The user experience is similar for either service. You sign up by entering a username, email address, password, and credit card information, and then use the Scribd or Oyster iOS app to read the books that the services offer on either an iPad or iPhone (you can also sign up with Scribd within its app). Scribd also lets you read books in your Web browser. You can search for new books, add them to your personal collection (maintained within the apps — no sharesies!), and interact with other users of the service to discuss books, all inside the apps.
Both services try to nudge you to authenticate with your Facebook credentials instead of creating a new login, but neither insists that you share your book proclivities with Mark Zuckerberg and company if you don’t want to.
The reading interfaces are attractive and easy enough to use, if rather limited in terms of customizability and features. With each you can adjust type size and choose among a limited number of display options. Scribd offers “default,” “serif,” and “sans serif” as typestyle choices; Oyster offers more opaquely named alternates that amalgamate typeface and background color: for example, the Nomad style in Oyster uses an attractive sans serif face on a lightly stippled background, while its Herald style use a slightly darker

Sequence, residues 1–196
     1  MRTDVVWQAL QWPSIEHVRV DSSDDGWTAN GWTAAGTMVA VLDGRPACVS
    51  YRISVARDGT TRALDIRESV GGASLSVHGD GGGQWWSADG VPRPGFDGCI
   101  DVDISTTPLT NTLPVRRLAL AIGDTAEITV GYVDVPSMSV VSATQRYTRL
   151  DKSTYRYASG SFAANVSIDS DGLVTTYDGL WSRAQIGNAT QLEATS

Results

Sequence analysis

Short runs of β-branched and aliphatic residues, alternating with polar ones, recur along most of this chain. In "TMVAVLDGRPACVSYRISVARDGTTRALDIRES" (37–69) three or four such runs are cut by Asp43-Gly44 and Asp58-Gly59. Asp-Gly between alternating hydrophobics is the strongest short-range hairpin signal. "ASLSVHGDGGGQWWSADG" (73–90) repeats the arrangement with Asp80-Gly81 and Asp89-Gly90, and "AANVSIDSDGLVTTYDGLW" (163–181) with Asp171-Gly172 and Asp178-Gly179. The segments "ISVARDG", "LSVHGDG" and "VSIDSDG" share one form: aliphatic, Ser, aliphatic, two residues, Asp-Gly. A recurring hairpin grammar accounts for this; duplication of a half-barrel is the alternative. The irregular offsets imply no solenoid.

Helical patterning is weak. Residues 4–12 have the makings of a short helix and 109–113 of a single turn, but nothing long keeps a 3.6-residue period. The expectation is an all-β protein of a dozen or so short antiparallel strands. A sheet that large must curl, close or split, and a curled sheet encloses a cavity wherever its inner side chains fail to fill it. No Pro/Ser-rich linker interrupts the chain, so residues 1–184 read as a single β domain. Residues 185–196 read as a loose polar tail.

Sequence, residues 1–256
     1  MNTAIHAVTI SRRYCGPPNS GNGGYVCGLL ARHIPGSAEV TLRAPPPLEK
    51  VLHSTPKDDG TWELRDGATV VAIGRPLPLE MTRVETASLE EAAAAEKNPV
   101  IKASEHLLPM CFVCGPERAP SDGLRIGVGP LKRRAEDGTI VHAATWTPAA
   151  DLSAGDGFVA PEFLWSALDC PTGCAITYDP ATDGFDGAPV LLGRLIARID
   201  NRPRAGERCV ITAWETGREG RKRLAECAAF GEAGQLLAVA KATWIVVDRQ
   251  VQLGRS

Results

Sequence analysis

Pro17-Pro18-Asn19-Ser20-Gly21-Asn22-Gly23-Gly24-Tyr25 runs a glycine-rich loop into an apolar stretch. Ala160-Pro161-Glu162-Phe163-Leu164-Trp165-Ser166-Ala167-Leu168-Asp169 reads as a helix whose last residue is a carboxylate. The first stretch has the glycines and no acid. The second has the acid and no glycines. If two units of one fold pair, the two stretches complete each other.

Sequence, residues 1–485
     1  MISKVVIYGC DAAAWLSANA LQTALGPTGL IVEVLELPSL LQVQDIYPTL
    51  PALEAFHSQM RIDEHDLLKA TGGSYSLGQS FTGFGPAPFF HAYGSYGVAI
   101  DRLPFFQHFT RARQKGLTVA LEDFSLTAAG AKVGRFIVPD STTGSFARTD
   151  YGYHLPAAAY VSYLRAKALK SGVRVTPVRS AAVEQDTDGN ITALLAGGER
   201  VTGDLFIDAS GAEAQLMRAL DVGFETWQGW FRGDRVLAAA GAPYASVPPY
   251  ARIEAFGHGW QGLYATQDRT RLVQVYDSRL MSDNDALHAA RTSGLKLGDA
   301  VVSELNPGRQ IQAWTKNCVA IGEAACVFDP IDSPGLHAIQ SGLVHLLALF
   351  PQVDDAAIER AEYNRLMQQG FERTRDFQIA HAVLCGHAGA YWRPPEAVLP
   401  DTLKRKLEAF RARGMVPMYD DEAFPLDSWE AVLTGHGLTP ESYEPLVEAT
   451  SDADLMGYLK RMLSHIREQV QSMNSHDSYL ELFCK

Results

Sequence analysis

gray background and a modern serif face.
Neither reader displays page numbers: in Oyster, you get a percentage reading, while Scribd uses arbitrary location numbers similar to those in Kindle Reader; e.g., “location 69 of 2709.” Both allow you to sync your reading location between devices. Neither lets you add bookmarks, highlight passages, or insert notes. Oyster, unlike Scribd, does allow you to make and copy text selections. Oddly, Oyster envisions each book as a vertical stack of pages: you swipe up and down to turn pages, although